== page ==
Modulation of diffusion by sphingomyelin hydrolysis

Sphingomyelinase (SMase) converts SM to ceramide by hydrolysis of the headgroup at the phosphate-ester bond. In MDCK cells, SMase treatment produced a broad distribution of AQP1 diffusive behaviors (Fig. 2, B and C). An increase in the percentage of restricted trajectories (Fig. 4, B and C) was accompanied by the appearance of a subpopulation of AQP1 that exhibited diffusion 4–5 times faster than in the normal membrane. In COS-7 cells, SMase had no measurable effect on AQP1 diffusion.

Like GSLs, ceramide segregates from SM/cholesterol lipid rafts to form solid-like domains in membranes (58). SMase treatment may also reduce membrane cholesterol (24). Therefore, the appearance of a diffusion-restricted fraction of AQP1 after SMase treatment is likely the result of interference from solid-like domains of ceramide and/or GSL. The appearance of a faster diffusing fraction of AQP1 is probably the result of lipid “scrambling” across the membrane upon treatment with SMase (59). A loss of lipid asymmetry in the plasma membrane could result in the disruption of protein-protein or protein-lipid interactions on a large scale, leading to significantly protein de-enriched membrane domains. It could also lead to a disruption of ordered lipid phases found in the outer leaflet of the plasma membrane, leading to a less viscous membrane. Disruption of lipid raft-associated components may also lead to the reduction of microvilli in the MDCK membrane (60). These events alone, or in combination, could account for the de novo appearance of the subpopulation of AQP1 with relatively fast diffusion.


We examined the diffusion of AQP1 in the plasma membranes of well-characterized cell lines under various conditions to look for evidence of confinement by cholesterol-rich lipid rafts, the cytoskeleton, or other membrane proteins. We found that under control conditions most AQP1 diffused freely, covering up to several microns per minute. This behavior contrasts with previously reported SPT experiments on putative raft-associated proteins and lipids, which are generally confined in cholesterol-dependent domains, resulting in mostly anomalous diffusion (12,15). Our data therefore argue against the accumulation of AQP1 in lipid rafts in the cell membrane, despite its recovery in the detergent-insoluble fractions of cells. Depolymerization of the actin cytoskeleton had no effect on the diffusion of AQP1, but diffusion could be altered with other treatments. The rate of AQP1 diffusion was greatly increased in membrane blebs where overall protein content is lower than in the normal plasma membrane, whereas it was obstructed by solid-like lipid or protein clusters created by cholesterol depletion. However, these effects are nonspecific, as they have been observed universally for raft and nonraft associated proteins, signaling complexes, and multiple receptors (16,24,25,35,45,47,54). We conclude that AQP1 is a largely noninteracting protein, whose diffusion is mostly Brownian and determined by the concentration of obstructions in the plane of the membrane.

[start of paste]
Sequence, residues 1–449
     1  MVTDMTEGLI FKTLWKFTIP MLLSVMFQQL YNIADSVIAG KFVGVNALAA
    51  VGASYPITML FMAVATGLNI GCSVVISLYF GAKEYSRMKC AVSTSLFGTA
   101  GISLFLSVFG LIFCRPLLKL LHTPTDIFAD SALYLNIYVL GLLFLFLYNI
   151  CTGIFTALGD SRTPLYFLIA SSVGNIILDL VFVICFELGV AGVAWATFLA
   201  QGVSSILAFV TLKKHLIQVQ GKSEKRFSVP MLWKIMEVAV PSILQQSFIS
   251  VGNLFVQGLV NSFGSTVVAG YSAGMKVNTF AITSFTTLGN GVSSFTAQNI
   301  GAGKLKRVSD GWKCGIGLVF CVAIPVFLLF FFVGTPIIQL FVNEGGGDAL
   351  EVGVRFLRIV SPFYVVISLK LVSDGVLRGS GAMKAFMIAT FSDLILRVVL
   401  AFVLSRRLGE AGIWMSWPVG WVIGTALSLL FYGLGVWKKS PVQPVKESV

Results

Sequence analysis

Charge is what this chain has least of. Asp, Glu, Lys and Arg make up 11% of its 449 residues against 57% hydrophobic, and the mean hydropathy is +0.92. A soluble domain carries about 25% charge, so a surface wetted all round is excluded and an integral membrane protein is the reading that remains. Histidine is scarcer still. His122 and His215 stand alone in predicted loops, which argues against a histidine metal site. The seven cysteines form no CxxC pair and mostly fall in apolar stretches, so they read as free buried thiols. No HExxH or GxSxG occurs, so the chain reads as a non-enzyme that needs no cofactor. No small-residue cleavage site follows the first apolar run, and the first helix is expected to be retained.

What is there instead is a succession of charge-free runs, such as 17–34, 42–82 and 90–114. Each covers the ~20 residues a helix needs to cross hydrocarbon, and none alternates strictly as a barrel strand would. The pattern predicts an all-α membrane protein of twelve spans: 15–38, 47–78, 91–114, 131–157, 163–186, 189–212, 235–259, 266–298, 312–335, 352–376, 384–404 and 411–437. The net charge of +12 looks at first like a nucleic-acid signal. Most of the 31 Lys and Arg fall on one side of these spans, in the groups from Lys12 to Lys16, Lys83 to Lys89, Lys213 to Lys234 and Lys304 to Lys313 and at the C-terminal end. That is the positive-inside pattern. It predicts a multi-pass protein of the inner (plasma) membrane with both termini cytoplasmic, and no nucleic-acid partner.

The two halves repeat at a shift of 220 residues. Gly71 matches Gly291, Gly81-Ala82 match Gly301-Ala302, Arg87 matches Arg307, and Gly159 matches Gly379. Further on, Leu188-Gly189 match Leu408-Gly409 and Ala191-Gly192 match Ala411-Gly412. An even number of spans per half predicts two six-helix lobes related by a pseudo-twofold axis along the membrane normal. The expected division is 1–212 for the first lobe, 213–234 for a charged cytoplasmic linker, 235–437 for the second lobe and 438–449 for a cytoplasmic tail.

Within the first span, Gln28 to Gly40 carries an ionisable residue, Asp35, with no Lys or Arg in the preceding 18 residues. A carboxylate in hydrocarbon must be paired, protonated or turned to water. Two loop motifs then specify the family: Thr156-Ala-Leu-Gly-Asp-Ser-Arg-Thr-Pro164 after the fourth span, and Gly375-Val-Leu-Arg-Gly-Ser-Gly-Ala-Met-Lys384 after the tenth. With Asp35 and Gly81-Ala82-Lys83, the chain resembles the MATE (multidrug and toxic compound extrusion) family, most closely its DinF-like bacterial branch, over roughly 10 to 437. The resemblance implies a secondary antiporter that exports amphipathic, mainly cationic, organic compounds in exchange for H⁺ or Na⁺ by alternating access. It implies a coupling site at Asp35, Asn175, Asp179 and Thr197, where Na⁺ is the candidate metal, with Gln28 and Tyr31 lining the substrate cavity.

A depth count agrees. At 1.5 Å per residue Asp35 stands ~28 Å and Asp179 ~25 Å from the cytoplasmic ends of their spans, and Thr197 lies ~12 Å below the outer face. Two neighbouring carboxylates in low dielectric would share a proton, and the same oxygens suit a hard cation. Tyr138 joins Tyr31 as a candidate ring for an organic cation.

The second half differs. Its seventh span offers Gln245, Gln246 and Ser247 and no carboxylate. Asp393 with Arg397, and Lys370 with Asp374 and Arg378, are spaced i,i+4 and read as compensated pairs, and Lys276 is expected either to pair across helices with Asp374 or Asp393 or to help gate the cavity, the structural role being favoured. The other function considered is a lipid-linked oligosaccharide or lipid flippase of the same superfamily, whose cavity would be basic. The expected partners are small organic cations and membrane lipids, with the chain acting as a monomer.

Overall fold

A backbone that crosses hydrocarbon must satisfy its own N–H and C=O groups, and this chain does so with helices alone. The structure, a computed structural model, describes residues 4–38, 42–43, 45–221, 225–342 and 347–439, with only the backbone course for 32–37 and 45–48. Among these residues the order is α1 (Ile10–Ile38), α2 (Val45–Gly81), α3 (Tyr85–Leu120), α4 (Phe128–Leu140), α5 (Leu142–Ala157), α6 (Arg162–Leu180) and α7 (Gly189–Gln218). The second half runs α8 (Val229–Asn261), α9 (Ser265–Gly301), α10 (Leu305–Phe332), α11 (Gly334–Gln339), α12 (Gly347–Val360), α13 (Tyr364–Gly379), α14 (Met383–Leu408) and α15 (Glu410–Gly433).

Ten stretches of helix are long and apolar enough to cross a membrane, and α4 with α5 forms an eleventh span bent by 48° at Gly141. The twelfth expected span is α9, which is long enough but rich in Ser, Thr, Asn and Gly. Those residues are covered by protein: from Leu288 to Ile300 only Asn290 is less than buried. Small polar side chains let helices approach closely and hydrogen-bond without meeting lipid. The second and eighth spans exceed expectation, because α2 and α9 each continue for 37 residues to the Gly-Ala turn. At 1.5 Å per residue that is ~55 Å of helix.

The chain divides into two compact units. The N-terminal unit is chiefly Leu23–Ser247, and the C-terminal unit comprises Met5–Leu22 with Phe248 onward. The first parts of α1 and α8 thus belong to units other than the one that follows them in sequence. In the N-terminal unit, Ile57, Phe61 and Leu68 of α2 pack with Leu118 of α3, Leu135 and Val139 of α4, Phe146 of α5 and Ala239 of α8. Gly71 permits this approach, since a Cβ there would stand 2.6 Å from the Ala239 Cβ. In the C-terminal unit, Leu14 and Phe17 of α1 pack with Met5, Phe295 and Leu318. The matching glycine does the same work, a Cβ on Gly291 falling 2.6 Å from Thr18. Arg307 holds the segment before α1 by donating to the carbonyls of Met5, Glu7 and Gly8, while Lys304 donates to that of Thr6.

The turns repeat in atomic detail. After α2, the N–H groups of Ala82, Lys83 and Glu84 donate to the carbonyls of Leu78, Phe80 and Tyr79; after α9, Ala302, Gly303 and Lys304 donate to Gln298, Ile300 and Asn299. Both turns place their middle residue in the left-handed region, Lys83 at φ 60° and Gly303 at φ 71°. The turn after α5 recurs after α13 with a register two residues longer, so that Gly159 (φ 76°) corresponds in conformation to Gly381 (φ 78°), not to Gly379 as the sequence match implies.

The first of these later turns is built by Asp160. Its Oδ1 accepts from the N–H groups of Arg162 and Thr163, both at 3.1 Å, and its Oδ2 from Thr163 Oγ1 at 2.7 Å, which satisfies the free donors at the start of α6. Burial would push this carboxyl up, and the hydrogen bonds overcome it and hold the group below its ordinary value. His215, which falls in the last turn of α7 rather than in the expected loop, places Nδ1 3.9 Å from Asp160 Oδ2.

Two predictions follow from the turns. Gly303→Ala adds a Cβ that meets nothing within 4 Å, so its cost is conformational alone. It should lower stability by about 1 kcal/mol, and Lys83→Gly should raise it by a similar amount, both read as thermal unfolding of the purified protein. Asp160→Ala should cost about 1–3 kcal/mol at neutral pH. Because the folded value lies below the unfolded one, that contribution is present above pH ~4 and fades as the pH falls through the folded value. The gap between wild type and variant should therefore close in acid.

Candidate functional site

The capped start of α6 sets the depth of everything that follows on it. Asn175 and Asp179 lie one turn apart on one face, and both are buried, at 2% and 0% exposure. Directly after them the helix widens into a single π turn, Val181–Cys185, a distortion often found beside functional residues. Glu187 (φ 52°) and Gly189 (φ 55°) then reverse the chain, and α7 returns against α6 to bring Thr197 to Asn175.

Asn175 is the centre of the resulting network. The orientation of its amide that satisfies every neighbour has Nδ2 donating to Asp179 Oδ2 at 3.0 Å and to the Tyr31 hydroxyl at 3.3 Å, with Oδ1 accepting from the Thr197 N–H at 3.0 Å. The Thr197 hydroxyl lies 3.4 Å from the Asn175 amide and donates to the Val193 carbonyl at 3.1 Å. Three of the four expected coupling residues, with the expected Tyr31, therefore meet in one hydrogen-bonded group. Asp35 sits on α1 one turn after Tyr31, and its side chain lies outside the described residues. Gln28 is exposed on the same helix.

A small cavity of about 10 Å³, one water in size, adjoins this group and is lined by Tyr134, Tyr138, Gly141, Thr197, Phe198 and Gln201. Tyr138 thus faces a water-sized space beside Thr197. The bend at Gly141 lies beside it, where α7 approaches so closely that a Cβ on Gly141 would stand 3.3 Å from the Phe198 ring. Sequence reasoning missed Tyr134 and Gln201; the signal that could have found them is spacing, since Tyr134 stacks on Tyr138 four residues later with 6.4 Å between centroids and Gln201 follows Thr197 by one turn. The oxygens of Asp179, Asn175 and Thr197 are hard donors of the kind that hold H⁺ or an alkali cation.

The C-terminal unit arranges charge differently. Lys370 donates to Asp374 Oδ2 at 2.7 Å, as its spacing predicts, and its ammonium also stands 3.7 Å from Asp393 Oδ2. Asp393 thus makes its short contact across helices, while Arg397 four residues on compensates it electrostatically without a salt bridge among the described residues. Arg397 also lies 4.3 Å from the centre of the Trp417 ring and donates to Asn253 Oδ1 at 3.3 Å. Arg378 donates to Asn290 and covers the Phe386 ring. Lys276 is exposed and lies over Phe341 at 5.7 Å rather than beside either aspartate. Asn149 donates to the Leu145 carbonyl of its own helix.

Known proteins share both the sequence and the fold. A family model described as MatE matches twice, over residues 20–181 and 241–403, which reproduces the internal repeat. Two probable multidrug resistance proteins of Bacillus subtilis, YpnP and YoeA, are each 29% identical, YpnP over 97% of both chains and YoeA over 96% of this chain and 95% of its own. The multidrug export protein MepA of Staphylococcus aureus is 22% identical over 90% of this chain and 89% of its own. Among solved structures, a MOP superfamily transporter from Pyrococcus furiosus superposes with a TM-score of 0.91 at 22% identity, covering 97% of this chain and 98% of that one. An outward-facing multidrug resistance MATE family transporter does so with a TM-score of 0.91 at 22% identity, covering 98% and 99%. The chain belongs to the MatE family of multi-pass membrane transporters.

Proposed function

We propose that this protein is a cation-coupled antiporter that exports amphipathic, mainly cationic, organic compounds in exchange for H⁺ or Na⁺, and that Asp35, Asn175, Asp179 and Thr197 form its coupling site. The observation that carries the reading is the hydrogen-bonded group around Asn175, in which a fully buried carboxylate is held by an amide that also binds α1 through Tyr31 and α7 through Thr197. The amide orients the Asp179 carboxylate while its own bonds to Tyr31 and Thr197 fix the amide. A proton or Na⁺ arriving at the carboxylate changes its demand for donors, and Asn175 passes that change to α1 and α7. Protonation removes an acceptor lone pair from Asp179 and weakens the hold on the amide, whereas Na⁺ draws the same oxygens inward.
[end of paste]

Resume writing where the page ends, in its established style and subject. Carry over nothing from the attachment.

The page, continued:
To view all of the supplemental files associated with this article, visit www.biophysj.org.


We thank Dr. Songwan Jin for his contribution of simulated trajectories. We thank Dr. Peter Haggie for his contribution of DNA constructs and useful comments.

This work was supported by National Institutes of Health grants EB00415, HL73856, DK35124, HL59198, and EY13574, Cystic Fibrosis Research and Translational Core Center grant DK72517, and Research Development Program and Drug Discovery grants from the Cystic Fibrosis Foundation. Dr. Crane was supported in part by National Institutes of Health National Research Service Award GM808512.


Editor: Thomas Schmidt.